“While stands the Colosseum, Rome shall stand; when falls the Colosseum, Rome shall fall; and when Rome falls – the world.” Those famous words describing ancient Rome were written on the office wall of the executive director of Mitchel Field when the Nassau Coliseum was being constructed in 1971 (New York Times 12/5/1971 “A Colossus Rises on Hempstead Plains”). When the Nassau Coliseum opened in 1972, built for under $32 million, that Nassau County leader understood the enormous impact the new arena at Mitchel Field would have on its Long Island community.
I am opposed to any type of casino, coliseum, or sports complex being built at Belmont Park and to express my views about what should be done with at least some of the open space there, I would like to see a major portion of the development turned into senior housing.
The north end of the property, in the area of the Floral Park-Bellerose School District would be a perfect location, acting as a buffer between the beleaguered residents of the West End of Floral Park and the other situations at the track, posing absolutely no threat to the school, the neighborhood, or to traffic congestion.
This past week, I had the rare opportunity to provide testimony to the members of the Long Island Development Council at one of two recently scheduled forums. Hofstra University President Stuart Rabinowitz is prominently quoted in his group’s press release concerning their meetings that the “public participation process is crucial to our success!” It was therefore quite ironic and disappointing that Hofstra President Rabinowitz, who is co-chairman of the group, which held the meeting at Molloy College in Rockville Centre, did not even bother to attend the meeting held just down the street from Hofstra. When given the opportunity to present as Floral Park’s representative, I told the panelists that Floral Park has been a hosting community of Belmont Park, our 430-acre neighboring state-owned property, since Belmont Park’s opening Day in 1905. The panelists learned that Belmont Park is adjacent to one of our elementary schools as well as our junior and senior high school campus, with over a mile of peaceful residential neighborhoods separated by a fence. They learned how Floral Park proudly accepts the responsibility as a hosting community along with its associated burdens for over a century.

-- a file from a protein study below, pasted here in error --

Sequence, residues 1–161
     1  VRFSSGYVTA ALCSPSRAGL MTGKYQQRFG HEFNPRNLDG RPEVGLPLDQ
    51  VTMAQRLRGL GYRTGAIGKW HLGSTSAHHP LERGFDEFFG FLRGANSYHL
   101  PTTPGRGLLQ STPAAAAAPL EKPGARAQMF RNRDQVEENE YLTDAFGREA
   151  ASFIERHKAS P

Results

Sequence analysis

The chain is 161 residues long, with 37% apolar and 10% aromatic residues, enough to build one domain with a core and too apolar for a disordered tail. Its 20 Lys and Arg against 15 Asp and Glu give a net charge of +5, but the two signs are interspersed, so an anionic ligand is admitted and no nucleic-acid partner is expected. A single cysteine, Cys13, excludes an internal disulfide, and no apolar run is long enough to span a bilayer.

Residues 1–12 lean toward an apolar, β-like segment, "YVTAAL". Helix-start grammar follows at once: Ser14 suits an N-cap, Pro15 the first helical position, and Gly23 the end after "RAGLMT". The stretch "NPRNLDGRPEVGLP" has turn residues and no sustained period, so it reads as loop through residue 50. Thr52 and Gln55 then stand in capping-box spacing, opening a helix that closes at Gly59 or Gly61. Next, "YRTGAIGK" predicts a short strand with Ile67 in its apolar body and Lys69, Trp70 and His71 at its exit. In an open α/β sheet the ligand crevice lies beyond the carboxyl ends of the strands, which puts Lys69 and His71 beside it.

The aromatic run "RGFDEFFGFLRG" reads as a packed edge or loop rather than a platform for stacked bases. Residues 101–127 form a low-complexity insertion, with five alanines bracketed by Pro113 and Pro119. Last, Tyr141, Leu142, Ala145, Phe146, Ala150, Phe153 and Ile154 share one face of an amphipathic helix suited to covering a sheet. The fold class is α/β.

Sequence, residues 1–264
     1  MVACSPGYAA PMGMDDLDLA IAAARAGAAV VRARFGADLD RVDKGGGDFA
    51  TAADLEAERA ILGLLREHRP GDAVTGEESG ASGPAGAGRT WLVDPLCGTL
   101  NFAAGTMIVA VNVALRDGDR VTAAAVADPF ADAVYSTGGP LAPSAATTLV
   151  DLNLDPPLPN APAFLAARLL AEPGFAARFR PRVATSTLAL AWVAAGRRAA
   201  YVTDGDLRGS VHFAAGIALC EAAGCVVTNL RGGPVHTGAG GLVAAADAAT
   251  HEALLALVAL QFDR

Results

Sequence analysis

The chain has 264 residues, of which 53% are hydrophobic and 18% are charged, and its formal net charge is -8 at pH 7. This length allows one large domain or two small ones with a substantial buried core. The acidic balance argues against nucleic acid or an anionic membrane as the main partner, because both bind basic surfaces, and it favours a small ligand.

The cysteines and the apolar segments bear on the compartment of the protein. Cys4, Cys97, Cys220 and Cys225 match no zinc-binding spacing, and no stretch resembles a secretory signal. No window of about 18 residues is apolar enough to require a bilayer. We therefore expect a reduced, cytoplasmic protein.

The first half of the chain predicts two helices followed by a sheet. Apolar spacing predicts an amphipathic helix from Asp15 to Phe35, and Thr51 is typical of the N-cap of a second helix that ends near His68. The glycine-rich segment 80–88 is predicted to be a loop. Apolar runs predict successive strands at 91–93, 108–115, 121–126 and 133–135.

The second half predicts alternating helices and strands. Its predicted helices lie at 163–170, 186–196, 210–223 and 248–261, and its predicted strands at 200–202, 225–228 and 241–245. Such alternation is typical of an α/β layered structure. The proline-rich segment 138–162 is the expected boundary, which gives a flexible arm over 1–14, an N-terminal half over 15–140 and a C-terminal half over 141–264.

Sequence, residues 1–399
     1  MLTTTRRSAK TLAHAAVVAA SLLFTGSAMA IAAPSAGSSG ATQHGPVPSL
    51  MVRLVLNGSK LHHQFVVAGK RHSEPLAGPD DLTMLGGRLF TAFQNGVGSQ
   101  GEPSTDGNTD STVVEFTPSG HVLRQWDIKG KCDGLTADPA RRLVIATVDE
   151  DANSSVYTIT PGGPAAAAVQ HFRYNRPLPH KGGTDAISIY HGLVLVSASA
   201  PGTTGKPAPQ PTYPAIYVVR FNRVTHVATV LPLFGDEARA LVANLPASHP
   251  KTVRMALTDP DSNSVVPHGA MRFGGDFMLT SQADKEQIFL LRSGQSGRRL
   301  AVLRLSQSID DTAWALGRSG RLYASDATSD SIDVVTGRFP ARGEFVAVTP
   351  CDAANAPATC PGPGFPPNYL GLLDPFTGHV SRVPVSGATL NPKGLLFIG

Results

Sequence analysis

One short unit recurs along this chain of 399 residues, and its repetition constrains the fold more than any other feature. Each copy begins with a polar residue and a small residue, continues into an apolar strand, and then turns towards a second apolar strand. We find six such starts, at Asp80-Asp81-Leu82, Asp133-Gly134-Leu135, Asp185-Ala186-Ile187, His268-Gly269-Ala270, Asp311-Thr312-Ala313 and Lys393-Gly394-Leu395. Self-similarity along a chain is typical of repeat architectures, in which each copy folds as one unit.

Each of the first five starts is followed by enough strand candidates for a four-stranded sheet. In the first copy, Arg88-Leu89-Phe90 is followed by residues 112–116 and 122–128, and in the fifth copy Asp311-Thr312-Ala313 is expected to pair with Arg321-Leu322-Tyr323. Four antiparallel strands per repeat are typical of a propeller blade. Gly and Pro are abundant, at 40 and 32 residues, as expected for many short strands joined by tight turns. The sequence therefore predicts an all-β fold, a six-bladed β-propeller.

A regular meeting of the board of trustees was held on Nov.1, at 8 p.m. Prior to the start of the board meeting, Mayor Tweedy asked for a moment of silence in memory of Phyliss Kelleher, mother of Fire Chief John Kelleher and ex-Fire Chief Kevin Kelleher, brothers who have nobly served the Village of Floral Park and sons of an equally civic-minded mother, Phyliss Kelleher.
Mayor Tweedy announced that before the start of the public hearing and board meeting, there was very important and enjoyable business to attend to. Community Service Awards were presented to four most deserving young ladies and gentlemen.
When newsmakers release a report late on a Friday afternoon, chances are it’s usually not something that puts them in the best light. Stories released in the classic “Friday afternoon dump,” as the cynical strategy is called, are purposely intended to be a one-day story published over the weekend. Such may well be the case of the Long Island Economic Council’s release on late Friday Oct. 14 of its proposal it subtitles “Nassau Hub Transformative Project,” but which could be subtitled “Dump into Belmont Park All Pet Projects.”